On the basis of architectural style, the group may be ascribed to the period of Rana Kumbha. A sculpture bears an inscription dated V. S. 1516 (AD 1459) and speaks of one Govinda.

Mamadeo Temple: This temple is also known as Kumbha Shyam, and it consists of a flat-roofed sanctum and a pillared mandapa.

An inscription of Rana Kumbha giving a detailed history of Kumbhalgarh was fixed on this temple. A large number of carved idols of gods and goddesses were recovered from the premises of this temple.

Pitalia Dev Temple: This east facing Jain shrine is located in the northern part of the fort. Built by Pitalia Jain Seth in V. S. 1512 (AD 1455) on a raised plinth, the temple consists of a pillared sabha mandapa and a sanctum having entrances from all the four directions.

The sangha is adorned with images of gods and goddesses besides asparagus and dancers.

Kumbha Palace: The palace of Rana Kumbha is located close to the Pagoda Pol. The palace is a two-storeyed edifice.

It consists of two rooms, a corridor in the middle and open spaces. The rooms are provided with jharokhas and windows in stones.

Birth Place of Maharana Pratap: The mansion known as Jhalia ka Malia or the Palace of Queen Jhali is situated near Pagoda Pol. This is believed to be the place where Maharana Pratap was born.

It is constructed of rubble stone with plain walls and a flat roof. The traces of paint can still be seen on the wall.

Badal Mahal: Badal Mahal is situated at the highest point of the fort. It was built by Rana Fateh Singh (AD 1885-1930). The palace is a two-storeyed structure divided into two interconnected distinct portions i.e. the Zanana Mahal and the Mardana Mahal.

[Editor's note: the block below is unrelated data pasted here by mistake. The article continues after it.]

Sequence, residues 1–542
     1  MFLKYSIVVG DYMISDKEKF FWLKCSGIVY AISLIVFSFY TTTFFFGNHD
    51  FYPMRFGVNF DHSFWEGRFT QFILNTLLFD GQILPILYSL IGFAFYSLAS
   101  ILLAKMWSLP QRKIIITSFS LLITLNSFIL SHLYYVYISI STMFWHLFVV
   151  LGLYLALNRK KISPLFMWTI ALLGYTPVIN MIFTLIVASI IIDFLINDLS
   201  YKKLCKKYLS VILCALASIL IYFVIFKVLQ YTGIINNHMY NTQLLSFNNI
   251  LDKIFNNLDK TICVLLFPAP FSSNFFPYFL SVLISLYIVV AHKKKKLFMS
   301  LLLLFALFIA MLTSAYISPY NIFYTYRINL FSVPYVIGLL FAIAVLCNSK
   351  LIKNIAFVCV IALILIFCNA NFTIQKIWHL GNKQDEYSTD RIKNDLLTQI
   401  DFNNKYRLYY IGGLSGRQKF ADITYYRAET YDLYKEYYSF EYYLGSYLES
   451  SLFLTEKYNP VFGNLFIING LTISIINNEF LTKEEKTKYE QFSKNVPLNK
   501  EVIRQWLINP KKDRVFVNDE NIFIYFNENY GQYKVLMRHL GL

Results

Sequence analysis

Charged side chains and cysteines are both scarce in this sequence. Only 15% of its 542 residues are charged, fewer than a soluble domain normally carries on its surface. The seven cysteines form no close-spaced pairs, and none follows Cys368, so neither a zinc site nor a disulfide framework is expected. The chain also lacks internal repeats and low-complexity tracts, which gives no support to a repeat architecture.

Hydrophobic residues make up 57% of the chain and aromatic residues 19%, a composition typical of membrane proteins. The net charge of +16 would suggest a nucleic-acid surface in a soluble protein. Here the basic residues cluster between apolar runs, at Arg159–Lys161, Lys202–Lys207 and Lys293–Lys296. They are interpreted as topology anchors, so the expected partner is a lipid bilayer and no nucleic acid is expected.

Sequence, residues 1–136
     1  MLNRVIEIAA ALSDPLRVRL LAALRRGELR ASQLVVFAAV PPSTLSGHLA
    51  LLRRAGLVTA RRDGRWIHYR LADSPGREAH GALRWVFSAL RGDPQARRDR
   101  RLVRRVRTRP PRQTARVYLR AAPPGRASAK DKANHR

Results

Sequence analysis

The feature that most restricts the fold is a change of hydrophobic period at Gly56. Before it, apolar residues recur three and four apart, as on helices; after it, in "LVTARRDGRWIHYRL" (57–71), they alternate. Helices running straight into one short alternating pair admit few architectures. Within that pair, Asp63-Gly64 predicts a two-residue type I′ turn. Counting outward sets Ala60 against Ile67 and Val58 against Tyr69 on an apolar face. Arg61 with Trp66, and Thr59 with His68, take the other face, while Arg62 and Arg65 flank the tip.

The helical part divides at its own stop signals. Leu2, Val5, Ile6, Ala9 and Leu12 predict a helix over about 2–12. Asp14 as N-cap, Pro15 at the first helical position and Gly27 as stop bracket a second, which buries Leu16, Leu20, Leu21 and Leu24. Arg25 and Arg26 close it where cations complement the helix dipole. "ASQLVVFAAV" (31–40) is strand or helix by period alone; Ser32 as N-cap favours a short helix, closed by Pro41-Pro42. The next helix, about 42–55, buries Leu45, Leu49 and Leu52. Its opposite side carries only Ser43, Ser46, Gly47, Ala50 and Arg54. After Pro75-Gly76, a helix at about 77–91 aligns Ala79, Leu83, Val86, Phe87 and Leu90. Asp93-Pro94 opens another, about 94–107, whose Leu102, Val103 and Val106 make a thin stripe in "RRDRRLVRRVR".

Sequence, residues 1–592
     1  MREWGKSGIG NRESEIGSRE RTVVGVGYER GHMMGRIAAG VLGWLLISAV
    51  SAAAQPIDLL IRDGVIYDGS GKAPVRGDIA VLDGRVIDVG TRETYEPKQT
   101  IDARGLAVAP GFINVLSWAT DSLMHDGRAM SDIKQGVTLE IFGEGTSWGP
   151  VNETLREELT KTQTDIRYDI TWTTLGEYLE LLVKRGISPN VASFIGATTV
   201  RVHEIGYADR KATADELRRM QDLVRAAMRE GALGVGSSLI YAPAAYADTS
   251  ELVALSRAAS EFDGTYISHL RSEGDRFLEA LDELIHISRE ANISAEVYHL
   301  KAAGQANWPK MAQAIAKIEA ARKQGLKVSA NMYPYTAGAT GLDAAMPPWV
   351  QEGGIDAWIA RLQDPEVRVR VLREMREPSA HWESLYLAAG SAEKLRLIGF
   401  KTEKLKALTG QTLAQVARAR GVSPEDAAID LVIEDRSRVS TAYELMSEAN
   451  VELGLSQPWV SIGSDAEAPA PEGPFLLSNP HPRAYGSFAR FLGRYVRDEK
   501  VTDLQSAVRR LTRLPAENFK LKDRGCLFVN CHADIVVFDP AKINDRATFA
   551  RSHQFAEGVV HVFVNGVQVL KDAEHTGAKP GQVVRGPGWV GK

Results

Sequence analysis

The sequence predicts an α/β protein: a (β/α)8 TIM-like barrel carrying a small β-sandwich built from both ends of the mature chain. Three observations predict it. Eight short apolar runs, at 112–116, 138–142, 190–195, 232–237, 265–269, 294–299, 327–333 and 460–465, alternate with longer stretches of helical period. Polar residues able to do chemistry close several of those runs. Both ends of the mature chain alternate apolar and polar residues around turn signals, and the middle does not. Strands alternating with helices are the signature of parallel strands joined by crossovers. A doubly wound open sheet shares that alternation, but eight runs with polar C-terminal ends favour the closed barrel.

This palace is profusely decorated with wall paintings. The Zanana mahal is provided with stone jalis which facilitated the queens to see the court proceedings and other events in privacy.

Interesting Facts of Kumbhalgarh Fort

  • The continuous 38 Km wall of the Kumbhalgarh Fort is said to be the second-longest wall in the World, after The Great Wall of China.
  • According to popular folklore, it is believed that to provide light for the farmers who worked during the nights in the valley, Maharana Kumbha used to burn massive lamps, consuming fifty kilograms of ghee  and a hundred kilograms of cotton every night.
  • Another interesting story about the Fort is that initially after number of unsuccessful attempts to erect the wall of the fort by Rana Kumbha, a spiritual scholar advised him to do a voluntary Human sacrifice and build a Temple at the place where the Head of the volunteer would fall and build the wall where rest of the body would fall. After a number of months, a pilgrim expressed his consent for a voluntary sacrifice of himself. Then after sacrificing him, the Rana Kumbha erected the temple, walls and rest of the fort as suggested by the Scholar.

Entry Fees & Timings

Entry Fees For Indians & SAARC Residents : Rs. 15 per head
Other Tourists : Rs 200
Children below the age of 15 : Free

How to Reach Kumbhalgarh

  • The nearest airport is Udaipur airport, which is just 95 km from Kumbhalgarh.
  • Falna Railway station is just 80 km from Kumbhalgarh and has good connectivity with almost all the major railway stations in the country.
  • You can hire a private taxi or a regular public bus from the Udaipur city and easily reach the Kumbhalgarh Fort.

Things to Consider Before Visit Kumbhalgarh Fort

  • Carry plenty of water with yourself, as you will be required to do a bit of climbing to reach to the top of the Fort.
  • Don’t missout on the 6 feet tall Shivlinga and light show inside the Fort premises.
  • You will rarely find any signboard inside the Fort, so take guidance from the locals to save your time.

Kumbhalgarh Fort

Kumbhalgarh Fort

Kumbhalgarh Fort in Rajasthan